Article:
Fraud money in the bank for N.Y. family
WHITE PLAINS, N.Y. — Twelve members of a single Brooklyn-based family were charged Thursday with lying about being wealthy to obtain mortgages or lying about being poor to get food stamps and other benefits.
Some did both, the indictment says.
“They alternately played the part of prince or pauper depending on which scam was being perpetrated,” U.S. Attorney Preet Bharara said in the White Plains courthouse. “Regardless of whether they were posing as rich men or poor men, they were always con men.”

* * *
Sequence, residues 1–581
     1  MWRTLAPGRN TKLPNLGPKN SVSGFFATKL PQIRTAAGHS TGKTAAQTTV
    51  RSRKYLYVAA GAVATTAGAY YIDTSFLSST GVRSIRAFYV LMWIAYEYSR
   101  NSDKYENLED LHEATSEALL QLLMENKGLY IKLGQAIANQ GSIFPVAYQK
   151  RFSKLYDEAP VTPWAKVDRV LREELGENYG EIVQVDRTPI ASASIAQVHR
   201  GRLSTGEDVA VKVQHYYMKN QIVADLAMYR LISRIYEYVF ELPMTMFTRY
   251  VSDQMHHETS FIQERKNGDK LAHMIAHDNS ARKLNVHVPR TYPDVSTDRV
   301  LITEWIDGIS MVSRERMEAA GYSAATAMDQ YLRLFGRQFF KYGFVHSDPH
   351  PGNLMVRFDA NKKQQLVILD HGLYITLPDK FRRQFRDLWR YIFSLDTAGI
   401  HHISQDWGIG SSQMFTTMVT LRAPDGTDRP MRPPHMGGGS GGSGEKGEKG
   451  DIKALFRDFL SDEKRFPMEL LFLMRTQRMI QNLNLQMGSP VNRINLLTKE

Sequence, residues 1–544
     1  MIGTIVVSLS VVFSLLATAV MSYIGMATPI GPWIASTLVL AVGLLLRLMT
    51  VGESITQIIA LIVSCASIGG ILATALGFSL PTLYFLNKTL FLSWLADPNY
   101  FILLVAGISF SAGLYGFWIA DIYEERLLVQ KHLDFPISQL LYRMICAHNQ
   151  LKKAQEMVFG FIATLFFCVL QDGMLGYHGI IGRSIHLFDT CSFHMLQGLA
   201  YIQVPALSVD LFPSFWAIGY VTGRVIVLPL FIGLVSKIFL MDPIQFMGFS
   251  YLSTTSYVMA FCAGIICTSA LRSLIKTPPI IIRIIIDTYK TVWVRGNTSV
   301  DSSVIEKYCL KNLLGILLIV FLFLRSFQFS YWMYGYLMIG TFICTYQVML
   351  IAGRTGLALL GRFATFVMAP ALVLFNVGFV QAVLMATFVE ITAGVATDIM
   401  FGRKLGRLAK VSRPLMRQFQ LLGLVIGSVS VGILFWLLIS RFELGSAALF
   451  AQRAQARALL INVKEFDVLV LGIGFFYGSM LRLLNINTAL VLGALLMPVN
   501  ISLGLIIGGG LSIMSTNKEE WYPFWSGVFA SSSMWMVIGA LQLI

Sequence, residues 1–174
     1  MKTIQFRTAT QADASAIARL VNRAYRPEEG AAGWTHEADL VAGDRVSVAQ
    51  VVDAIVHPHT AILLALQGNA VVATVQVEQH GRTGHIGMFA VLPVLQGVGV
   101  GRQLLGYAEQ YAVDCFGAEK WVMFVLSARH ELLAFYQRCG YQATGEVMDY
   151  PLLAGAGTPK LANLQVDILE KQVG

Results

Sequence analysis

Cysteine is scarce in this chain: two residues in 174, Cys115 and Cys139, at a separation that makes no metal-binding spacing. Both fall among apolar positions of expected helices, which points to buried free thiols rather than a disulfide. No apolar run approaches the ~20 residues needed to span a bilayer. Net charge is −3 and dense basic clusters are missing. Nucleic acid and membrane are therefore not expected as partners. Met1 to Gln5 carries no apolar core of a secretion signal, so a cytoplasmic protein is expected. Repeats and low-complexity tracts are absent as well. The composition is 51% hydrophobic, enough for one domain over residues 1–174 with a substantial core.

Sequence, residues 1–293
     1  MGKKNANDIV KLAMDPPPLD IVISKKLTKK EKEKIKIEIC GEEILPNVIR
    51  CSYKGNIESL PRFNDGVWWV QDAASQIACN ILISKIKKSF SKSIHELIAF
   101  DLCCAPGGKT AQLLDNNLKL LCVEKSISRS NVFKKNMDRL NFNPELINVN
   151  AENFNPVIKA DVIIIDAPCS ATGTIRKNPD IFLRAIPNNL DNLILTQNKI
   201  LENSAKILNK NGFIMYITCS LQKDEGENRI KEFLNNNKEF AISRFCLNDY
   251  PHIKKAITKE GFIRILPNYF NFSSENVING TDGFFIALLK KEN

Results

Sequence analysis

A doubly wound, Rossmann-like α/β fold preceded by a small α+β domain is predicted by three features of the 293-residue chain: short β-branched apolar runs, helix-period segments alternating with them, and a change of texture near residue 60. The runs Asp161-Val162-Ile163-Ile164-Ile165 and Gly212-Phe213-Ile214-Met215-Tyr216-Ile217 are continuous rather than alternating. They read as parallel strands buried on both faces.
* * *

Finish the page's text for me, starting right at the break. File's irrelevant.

He said one indicted couple claimed monthly income of $25,000 when taking out a mortgage and $180 when applying for food stamps and Medicaid.
The fraudulently obtained mortgages totaled more than $20 million and the welfare fraud yielded about $700,000 in benefits, the indictment says.
Yehuda Rubin, 29, was described in the indictment as “an organizer” of the scheme, but Bharara would not say he was the leader. Rubin’s father, Irving Rubin, 58, is the lead defendant.
Both men pleaded not guilty to charges of bank fraud and making false statements.